Brother Ali on Occupy Homes and the foreclosure crisis
Note: Brother Ali is a Minneapolis rapper signed to Rhymesayers Entertainment and is one of our 20 Best Minnesota Musicians. His latest album, Mourning in America and Dreaming in Color, will be released in August. Here are portions of an interview discussing the Occupy Homes movement, which Ali will speak about at Macalester College Tuesday and at Mankato State University on Wednesday.
Brother Ali: I moved around a lot as a kid, and never lived in a place much longer than a year or two. When I moved to Minneapolis, my mom said "We're not going to move anymore." That's when I was 14. So North Minneapolis is the closest thing I know to being home, where people have known me for a long time in my life. Growing up there, we were told the best thing you can do for your community is get your finances together and own your home. That was going to be the big way that we we were going to better our situation, and better our community. If someone bought a house, it was celebrated. It was a way to turn things around and make a better reality for ourselves.
Tonight's meeting is about the Occupy Homes movement, which is something that started in the Twin Cities. Homeowner Monique White was in foreclosure. She is the first person in her family to own a home. She raised her kids there, and she has a grandchild who spends a lot of time at that house. It's in North Minneapolis.
She lost one of her two jobs -- it was working with at-risk youth, another community service. She missed two payments on her house, and then she got two part-time jobs. When she resumed payments, they informed her that it was too late, and she was in foreclosure. US Bank had owned the mortgage, and they sold it back to Freddie Mac, and Freddie Mac was evicting her. Between her and Anthony Newby, and Neighborhoods Organizing for Change, he was working really hard on the foreclosure situation. They put their heads together and did all of the programs that you're supposed to do to no avail.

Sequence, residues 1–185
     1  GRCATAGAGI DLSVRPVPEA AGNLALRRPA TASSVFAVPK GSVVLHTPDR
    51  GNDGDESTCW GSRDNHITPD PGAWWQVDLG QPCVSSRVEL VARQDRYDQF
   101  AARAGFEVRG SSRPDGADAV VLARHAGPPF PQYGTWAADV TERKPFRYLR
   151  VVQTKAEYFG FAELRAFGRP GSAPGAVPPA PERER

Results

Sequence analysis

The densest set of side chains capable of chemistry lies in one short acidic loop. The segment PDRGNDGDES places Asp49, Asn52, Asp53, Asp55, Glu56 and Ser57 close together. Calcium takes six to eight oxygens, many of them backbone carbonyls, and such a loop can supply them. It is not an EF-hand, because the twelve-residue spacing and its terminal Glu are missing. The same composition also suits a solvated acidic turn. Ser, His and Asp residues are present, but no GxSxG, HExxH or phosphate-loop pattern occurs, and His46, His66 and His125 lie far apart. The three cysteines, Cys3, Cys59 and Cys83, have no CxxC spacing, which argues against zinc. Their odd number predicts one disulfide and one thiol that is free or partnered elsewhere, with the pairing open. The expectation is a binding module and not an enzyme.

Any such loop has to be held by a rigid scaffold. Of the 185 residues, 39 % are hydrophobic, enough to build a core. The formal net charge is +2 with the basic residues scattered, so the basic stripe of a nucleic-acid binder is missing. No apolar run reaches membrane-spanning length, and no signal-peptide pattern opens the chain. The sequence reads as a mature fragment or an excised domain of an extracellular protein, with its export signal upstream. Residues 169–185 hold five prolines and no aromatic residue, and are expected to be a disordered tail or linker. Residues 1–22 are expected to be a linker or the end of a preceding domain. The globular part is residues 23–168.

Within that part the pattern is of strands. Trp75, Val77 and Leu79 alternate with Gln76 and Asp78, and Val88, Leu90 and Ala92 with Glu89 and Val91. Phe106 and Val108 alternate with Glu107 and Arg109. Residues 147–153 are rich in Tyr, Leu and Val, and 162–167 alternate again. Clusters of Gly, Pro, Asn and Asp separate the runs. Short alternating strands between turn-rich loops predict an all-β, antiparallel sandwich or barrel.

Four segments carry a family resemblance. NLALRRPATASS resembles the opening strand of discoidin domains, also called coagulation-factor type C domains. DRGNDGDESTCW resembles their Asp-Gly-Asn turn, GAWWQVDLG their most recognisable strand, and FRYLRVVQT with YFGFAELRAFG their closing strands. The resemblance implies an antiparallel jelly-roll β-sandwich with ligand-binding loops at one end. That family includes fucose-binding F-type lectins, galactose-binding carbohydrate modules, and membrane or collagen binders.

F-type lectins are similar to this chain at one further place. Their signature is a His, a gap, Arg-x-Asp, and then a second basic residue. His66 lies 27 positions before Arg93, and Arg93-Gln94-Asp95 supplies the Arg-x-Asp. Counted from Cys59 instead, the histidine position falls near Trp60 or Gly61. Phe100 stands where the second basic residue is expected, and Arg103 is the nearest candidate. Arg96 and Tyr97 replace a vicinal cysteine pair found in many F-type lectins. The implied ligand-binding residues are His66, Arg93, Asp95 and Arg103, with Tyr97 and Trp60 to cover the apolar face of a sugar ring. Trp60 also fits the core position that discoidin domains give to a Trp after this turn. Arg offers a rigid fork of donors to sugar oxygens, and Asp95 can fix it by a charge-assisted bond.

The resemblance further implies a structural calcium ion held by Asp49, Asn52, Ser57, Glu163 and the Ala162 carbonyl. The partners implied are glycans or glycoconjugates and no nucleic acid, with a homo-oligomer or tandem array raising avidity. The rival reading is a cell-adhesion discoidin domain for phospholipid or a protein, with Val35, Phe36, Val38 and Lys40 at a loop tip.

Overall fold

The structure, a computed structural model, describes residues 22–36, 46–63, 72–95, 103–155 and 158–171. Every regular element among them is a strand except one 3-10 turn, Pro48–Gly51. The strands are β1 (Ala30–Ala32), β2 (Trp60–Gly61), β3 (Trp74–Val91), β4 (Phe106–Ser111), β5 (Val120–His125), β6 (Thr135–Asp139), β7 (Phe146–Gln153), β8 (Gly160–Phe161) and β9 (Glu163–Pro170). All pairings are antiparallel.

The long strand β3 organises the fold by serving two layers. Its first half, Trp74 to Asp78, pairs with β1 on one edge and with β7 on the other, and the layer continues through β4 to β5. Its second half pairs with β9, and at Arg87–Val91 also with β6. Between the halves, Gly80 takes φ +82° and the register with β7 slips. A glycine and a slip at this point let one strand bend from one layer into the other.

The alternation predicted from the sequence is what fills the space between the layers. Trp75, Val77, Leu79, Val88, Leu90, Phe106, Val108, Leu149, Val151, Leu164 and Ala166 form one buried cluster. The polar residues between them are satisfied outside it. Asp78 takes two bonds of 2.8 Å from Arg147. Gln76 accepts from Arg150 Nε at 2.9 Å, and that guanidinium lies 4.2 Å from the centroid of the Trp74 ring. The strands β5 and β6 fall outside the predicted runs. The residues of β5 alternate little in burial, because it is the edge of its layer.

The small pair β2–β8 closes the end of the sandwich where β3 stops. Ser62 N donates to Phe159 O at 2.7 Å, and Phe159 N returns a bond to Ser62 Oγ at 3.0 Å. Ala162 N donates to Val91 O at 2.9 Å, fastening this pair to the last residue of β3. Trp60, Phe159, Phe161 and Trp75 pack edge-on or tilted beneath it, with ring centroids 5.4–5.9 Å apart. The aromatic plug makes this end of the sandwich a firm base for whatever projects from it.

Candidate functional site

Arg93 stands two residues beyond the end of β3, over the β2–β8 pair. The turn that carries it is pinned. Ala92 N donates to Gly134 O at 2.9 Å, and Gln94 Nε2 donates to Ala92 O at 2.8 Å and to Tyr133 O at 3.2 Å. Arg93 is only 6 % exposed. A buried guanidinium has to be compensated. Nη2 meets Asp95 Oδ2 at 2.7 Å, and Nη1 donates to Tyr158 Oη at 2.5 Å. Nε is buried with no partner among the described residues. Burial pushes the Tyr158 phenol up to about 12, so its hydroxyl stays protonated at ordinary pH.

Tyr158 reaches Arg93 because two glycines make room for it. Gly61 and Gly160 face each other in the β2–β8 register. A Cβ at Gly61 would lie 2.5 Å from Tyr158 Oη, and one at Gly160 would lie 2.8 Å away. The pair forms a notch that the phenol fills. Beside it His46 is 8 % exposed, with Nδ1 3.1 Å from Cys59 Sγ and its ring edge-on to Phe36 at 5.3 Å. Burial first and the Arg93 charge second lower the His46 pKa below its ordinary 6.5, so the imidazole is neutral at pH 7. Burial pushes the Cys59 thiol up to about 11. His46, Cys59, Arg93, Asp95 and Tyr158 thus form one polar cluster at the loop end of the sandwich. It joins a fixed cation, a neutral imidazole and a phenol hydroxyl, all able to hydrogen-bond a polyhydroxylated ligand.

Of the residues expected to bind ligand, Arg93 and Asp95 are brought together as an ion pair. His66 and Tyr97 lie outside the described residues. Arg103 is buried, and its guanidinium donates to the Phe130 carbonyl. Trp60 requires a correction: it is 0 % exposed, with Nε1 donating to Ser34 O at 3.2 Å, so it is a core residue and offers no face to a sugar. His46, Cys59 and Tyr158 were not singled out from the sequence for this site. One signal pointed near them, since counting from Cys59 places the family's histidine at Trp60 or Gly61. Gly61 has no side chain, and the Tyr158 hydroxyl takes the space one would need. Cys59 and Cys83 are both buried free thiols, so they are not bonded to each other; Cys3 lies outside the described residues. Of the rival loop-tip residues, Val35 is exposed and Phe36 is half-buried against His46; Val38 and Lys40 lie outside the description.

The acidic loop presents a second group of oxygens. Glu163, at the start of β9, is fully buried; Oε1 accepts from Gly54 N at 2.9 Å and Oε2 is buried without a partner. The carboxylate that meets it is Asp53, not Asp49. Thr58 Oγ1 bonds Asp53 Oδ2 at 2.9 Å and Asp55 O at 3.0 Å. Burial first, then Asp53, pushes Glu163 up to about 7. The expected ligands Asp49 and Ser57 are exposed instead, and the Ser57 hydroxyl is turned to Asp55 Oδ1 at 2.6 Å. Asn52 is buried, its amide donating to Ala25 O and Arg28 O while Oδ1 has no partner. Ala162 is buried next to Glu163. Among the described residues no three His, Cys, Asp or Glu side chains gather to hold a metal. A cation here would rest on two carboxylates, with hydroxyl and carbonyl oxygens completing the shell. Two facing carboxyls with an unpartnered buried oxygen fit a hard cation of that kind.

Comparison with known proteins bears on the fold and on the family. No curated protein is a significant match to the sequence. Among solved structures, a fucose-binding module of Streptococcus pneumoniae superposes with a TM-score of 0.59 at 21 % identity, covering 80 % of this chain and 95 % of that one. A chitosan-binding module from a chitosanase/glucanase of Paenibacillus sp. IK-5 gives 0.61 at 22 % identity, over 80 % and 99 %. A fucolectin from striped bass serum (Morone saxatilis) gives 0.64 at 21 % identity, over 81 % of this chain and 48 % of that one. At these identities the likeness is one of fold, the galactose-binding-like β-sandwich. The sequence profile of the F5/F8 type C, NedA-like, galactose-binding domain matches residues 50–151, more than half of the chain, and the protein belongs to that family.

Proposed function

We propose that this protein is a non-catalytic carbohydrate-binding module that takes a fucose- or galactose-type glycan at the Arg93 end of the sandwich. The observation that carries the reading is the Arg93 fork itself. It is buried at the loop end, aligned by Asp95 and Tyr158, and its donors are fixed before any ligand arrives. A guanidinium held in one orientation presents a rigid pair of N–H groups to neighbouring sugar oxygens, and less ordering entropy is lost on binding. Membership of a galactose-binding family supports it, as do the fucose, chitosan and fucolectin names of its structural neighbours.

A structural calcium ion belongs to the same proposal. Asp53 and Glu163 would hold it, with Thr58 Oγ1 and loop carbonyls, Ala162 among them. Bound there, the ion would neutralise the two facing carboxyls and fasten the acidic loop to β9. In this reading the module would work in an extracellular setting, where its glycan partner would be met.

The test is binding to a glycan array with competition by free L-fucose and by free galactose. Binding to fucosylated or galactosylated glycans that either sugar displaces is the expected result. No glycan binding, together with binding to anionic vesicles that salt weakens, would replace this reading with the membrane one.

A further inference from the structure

Monique White, center, and her family.
As a last-minute sense of desperation, they went to Occupy Minnesota and Monique asked the volunteers there if they would help her, and if they would occupy her house. So they did. For a few months, a wide variety of people came and stayed at the house and vowed that they weren't going to let the police take it.
That bought some time. The powers that be are learning that the people are having this kind of democratic reawakening. Things are so bad, that people who used to feel privileged and part of the bubble are now saying that the only way to maintain any kind of dignity is to get this sense of community stronger. The people rallying around her bought enough time so that eventually the district attorney got involved in her case, and asked the court not to evict yet so that they would have time to investigate and see if there was fraud on behalf of the bank and Freddie Mac.
On the south side of town, there's a Vietnam veteran named Bobby Hull who was in a similar situation. He made mortgage payments faithfully for something like 25 years. He got injured as a veteran. He refinanced his home because he was having difficulty several years ago. Because of the sneaky, predatory practices there, his payments ended up going up so much that he couldn't make them anymore. The Occupy people came in, got around him, and US Bank ended up doing the right thing and they renegotiated.
Bobby Hull is pictured on the far left.
The thing about this that is so special to me and near to my heart is that these are people who have done the right thing. These are very carefully chosen cases that really make the point, and really highlight the severe nature that banks are taking homes from people. We can say, "Yeah, they signed the contract, and it's in the fine print." But the reality is, in order for us to own homes, we have to work with these institutions. Anybody who has bought a home knows that there's so much. You're literally signing stuff for an hour. Homeowners are literally at the mercy of the banks. These are people who have paid for all of these years. They're not bums. It's not that they didn't want to work. It's not that they're trying to get their house for free.